It’s a common sight in holiday advertising or programming. A family coming down the stairs and seeing a new puppy or kitten (bow and ribbon optional on their head), under the Christmas tree, the newest member of the family.
While this image may be heartwarming, it may not be ideal for most families, which is why local animal rescue agencies are advising Hatters not to adopt a pet on impulse for Christmas.
“We really don’t think that adding an animal to your family should be a surprise, it should be something that is really well-thought out and that all of the family members have discussed and agreed upon, and decided together, so everyone is taking responsibility, and they realize it is a big responsibility,” said Katie Ayres, executive director of the Medicine Hat SPCA. “Adding a dog or cat to your family, they live for 10-15 years on average. It’s a long-term commitment.”
Kaylee Getz, animal services manager with Alberta Pound and Rescue Centre, says the holidays can also bring a lot of extra stressors and hazards for pets.
“There’s a lot of things they can eat or get into, as well as all of the extra added people in the home as well,” she said.
Ayres adds she doesn’t like the idea of a pet being a gift.
“It makes it sound like your pets are a toy, if you’re getting them as a gift,” she said. “A lot of people discard toys after they’re done with them.”
Getz agrees with the decision to not treat a pet as an impulse gift.
“People don’t always see it as a lifelong commitment,” she said, noting this attitude is prevalent with cats. “They have to be prepared for the financial responsibility of owning a pet, that a lot of people don’t think of.”
Ayres says if people really want a pet, it should be a full family decision, to be done at a later date.
“If they’ve been talking about it for a while and believe now is the time, and they really want an added animal to their family, Christmas could be a time of announcing that, but then going together and making sure they choose the right pet for their family,” she said.
Ayres notes the SPCA does not allow new adoptions around Christmas, unless it was already in progress.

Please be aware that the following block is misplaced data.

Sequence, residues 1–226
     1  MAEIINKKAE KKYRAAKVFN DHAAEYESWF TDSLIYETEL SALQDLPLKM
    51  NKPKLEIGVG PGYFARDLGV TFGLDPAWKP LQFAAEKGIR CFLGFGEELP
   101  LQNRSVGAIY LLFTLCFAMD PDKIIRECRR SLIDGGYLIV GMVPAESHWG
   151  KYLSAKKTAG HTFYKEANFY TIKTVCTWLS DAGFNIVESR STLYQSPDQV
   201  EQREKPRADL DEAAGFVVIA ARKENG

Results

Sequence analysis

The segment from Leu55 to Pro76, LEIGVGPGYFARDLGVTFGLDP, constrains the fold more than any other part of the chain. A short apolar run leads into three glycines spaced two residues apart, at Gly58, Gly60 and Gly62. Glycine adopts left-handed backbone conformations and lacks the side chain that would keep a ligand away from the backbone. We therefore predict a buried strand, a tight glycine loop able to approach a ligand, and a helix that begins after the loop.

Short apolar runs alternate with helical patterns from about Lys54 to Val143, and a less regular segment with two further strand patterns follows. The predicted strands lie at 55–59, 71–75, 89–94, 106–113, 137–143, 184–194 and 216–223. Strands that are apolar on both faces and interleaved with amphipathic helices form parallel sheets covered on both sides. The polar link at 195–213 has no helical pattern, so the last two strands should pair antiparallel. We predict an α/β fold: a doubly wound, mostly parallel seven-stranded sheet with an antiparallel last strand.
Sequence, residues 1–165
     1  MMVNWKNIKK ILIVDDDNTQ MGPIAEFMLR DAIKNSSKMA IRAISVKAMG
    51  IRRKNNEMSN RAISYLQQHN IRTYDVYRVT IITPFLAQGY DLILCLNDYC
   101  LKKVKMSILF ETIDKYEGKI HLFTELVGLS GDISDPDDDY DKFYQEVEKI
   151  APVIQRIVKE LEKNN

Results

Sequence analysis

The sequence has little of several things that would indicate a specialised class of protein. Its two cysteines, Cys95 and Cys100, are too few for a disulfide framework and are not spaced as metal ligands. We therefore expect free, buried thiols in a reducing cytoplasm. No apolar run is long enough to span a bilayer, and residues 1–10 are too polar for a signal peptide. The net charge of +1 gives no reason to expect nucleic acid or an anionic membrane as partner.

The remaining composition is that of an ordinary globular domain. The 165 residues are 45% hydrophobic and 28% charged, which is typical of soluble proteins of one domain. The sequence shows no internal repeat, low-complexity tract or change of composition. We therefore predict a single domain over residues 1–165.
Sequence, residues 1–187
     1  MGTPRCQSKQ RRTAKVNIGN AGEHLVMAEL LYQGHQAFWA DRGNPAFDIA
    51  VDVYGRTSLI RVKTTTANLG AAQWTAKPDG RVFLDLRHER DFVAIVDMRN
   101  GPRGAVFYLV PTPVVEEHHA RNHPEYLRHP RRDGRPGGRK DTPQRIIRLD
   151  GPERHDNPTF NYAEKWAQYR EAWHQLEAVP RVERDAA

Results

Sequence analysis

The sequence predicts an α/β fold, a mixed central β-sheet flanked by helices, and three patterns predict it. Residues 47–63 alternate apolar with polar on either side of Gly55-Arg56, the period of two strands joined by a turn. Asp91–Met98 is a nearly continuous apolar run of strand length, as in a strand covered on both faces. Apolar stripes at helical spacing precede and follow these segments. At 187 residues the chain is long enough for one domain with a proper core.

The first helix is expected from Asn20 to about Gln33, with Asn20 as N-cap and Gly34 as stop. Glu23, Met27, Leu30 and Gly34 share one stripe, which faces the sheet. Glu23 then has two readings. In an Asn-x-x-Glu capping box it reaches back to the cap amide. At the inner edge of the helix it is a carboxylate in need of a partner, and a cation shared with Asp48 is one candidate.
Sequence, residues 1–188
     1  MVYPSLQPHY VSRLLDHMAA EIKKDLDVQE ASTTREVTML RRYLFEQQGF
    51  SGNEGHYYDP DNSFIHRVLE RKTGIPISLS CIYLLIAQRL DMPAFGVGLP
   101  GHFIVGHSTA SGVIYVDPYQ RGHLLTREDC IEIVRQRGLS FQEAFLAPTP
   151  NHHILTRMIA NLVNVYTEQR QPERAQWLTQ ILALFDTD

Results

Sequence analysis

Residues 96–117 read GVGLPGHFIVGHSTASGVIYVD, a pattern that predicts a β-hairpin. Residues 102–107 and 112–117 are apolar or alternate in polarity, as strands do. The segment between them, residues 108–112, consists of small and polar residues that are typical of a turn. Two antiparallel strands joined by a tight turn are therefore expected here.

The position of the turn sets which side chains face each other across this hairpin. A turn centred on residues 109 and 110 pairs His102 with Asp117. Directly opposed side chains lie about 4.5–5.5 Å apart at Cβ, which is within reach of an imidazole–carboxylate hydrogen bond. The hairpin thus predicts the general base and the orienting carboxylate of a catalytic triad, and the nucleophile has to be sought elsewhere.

Ayres and Getz both say the animals in their shelter will be cared for on Christmas Day. Stockings are set up by every cage, and treats will be put in place for the animals.
Shakespeare can be a little challenging for a teenager, but no worries, there’s a TL;DR version now! Penguin has launched an OMG Shakespeare series (translating plays into emojis) that re-imagines his most famous plays in the digital age, with titles including Macbeth #killingit, A Midsummer Night #NoFilter and YOLO Juliet.
The plays, retold by Courtney Carbone and Brett Wright, are condensed down to terse Whatsapp-esque messages, with characters ‘checking in’ rather than walking on stage and updating their relationship statuses at key moments. ‘To be or not to be’ becomes ‘2 *b-ee emoji* or not 2 *bee emoji*’. ‘Thus with a kiss I die’ becomes ‘With a *blowing kiss emoji* I *dead emoji*’.
The books have been getting a strong marketing push and their own stand in one store stated: The classics can be *sleep emoji* Even with all the *heart emoji *heartbreak emoji* *grin emoji* *dead emoji*. Introducing OMG Shakespeare! Shakespeare’s plays like ‘Macbeth’ now read #killingit and ‘A Midsummer Night’ #NoFilter and YOLO Juliet
‘Never wanted to burn a book before’ @FreddyAmazing wrote alongside a picture of the stand, eliciting over 3,000 retweets. Srsly (short for seriously) Hamlet, Macbeth #killingit and YOLO Juliet are out now, with A Midsummer Night #nofilter launching next January.One of the books carries the dedication: “To all my extraordinary English teachers, I’m sorry.”
A new year and a new reminder regarding adding a four-legged family member to your human family: Always adopt from a shelter first.
There are millions of puppies and dogs waiting patiently for a new loving home at shelters throughout the United States.
It’s definitely getting better regarding the selling of dogs and cats in pet stores. The practice of selling kittens and puppies has almost come to a screeching halt.
The back yard puppy mills and breeders still continue to make a fortune, advertising their cute puppies to ignorant suckers! We can only imagine the living conditions of these cute puppies are subjected to living in before and if they are adopted.
Sadly, there are still kill shelter throughout the United states that have gorgeous puppies and dogs, at a fraction of the cost, much less than you’ll spend from a puppy mill.
The adoption fee includes spaying and/or neutering and some vaccinations.
I love animals from the depth of my soul. I pray people read this letter if they are planning on adopting their tail-wagging or purring four-legged best friends; these best friends who will love you unconditionally all the days of their lives. Diane L. Amburn Waterford